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Civility at Work

“All I really need to know I learned in kindergarten,” proclaimed Robert Fulghum over two decades ago in his hugely popular book of the same name. Basic principles that Fulghum learned in kindergarten include playing fair, not taking things that aren’t yours, and saying you’re sorry when you hurt somebody. While this behavior is often taught to children, numerous studies reveal that it needs to be taught to adults at work as well.

Indeed, “refusing to work hard on a team effort project” (not playing fair), “taking, without asking, a co-worker’s food from the office refrigerator” (taking things that aren’t yours), and “shifting the blame for your mistake to a co-worker” (not saying you’re sorry) are among the top five behaviors considered to be uncivil in the workplace in the Baltimore Workplace Civility Study conducted by the University of Baltimore and John Hopkins University. Are these behaviors so bad? Survey says – yes. Seventy percent of respondents said they had contemplated changing jobs and sixty-three percent said they felt less commitment to the organization as a result of being victims of or witnessing uncivil behavior at work. Wanting to quit or being less committed because someone stole their sandwich? Actually, incivility can be much harsher and more detrimental than that.

In their book “The Cost of Bad Behavior,” Pearson and Porath said uncivil behavior such as “employees speaking to subordinates in condescending tones, ignoring e-mail or phone messages, claiming excessive credit for (a) team’s accomplishments, browsing on…iPhones or texting during meetings, and leaving malfunctioning office equipment for the next user to fix” results in job stress, disengaged workers, and turnover among other things. The authors, both business school professors, emphasize that, “Far from a minor inconvenience to millions of American workers, workplace incivility is one of today’s most substantial economic drains on American business, a largely preventable ill that begs to be addressed.”

For those employers thinking that the workplace is getting way too soft and civility is the stuff of tea parties, Pearson and Porath say that civility is really about “working hard, working tough, getting the most that you can out of your employees. Add more civility to the mix and you’ll find greater payoffs, including increased loyalty to the company and to you.” And, doing nothing about incivility can cost you. According to the authors, “Job stress…costs US corporations three hundred billion dollars a year, much of which has been shown to stem from workplace incivility.”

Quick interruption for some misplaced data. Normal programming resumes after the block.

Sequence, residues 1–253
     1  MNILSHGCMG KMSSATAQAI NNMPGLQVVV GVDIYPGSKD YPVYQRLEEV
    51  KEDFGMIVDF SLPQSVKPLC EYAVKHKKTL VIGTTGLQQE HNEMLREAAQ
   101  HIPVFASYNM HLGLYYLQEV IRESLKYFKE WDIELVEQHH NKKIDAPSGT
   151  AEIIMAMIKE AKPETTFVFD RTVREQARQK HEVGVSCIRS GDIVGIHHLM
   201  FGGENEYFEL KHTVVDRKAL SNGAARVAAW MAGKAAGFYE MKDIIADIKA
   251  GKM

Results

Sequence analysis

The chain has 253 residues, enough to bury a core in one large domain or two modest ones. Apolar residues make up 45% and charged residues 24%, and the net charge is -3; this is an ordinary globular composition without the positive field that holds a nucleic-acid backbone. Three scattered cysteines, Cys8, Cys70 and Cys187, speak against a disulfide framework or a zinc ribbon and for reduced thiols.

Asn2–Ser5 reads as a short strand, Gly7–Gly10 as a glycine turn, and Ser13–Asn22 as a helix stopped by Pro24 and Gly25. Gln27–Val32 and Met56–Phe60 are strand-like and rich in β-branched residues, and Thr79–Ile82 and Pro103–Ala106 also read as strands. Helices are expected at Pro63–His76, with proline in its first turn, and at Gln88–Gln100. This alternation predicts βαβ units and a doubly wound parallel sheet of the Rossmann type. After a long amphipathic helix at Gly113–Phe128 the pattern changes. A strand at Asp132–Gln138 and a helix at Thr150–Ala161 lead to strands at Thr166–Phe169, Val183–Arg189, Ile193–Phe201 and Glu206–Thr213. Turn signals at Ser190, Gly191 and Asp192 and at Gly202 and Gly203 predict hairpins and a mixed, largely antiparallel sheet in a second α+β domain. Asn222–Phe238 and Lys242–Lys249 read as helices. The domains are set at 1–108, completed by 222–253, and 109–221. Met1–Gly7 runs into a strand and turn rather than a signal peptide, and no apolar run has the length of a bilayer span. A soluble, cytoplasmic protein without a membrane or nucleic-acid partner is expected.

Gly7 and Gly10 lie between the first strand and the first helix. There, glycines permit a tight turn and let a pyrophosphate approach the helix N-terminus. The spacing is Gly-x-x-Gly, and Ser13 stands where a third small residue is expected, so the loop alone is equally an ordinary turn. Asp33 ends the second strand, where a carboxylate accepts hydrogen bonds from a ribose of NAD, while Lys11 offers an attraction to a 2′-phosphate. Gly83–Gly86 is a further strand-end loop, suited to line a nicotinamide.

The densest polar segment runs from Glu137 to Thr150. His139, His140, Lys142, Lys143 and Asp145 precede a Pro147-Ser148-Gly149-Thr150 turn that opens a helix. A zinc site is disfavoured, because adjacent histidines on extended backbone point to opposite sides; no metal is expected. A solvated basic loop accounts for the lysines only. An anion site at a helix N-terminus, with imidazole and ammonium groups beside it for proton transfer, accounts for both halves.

What should employers do to increase civility at work? In her article, “Workplace Incivility on the Rise: Four Ways to Stop It,” Diane Berenbaum suggests the following:

1. Increase awareness by defining uncivil behavior and educating employees about its cost and impact.
2. Create workplace standards and value civility. A clear, written standard helps to communicate what is unacceptable behavior and making civility an organizational value helps to communicate your commitment to it.
3. Provide internal training and coaching for employees who engage in inappropriate behavior and take corrective action when necessary.
4. Encourage open communication and feedback. According to Berenbaum, “Organizational leaders need to…create a safe environment so employees are not fearful when sharing concerns or reporting incidents.”

It makes good business sense to insist on civility at work. As P.M. Forni, the co-founder of the Johns Hopkins Civility Project put it: “Encouraging civility in the workplace is becoming one of the fundamental corporate goals in our diverse, hurried, stressed, and litigation-prone society. A civil workplace is good for workers, since the workers’ quality of life is improved in such an environment. But a civil workplace is also good for the customers, since the quality of service they receive from happier and more relaxed service providers is improved.” In other words, being nice to each other makes us happy and being happy is good for everyone. Didn’t we learn that in kindergarten?

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Disclaimer: The information and resources provided herein are not a substitute for experienced legal counsel and does not constitute legal advice or attempt to address the numerous factual issues that inevitably arise in any employment-related dispute. Although this information attempts to cover some major recent developments, it is not all-inclusive, and any recommendations are based upon HR best practices and procedures. We recommend you consult an attorney for legal guidance.

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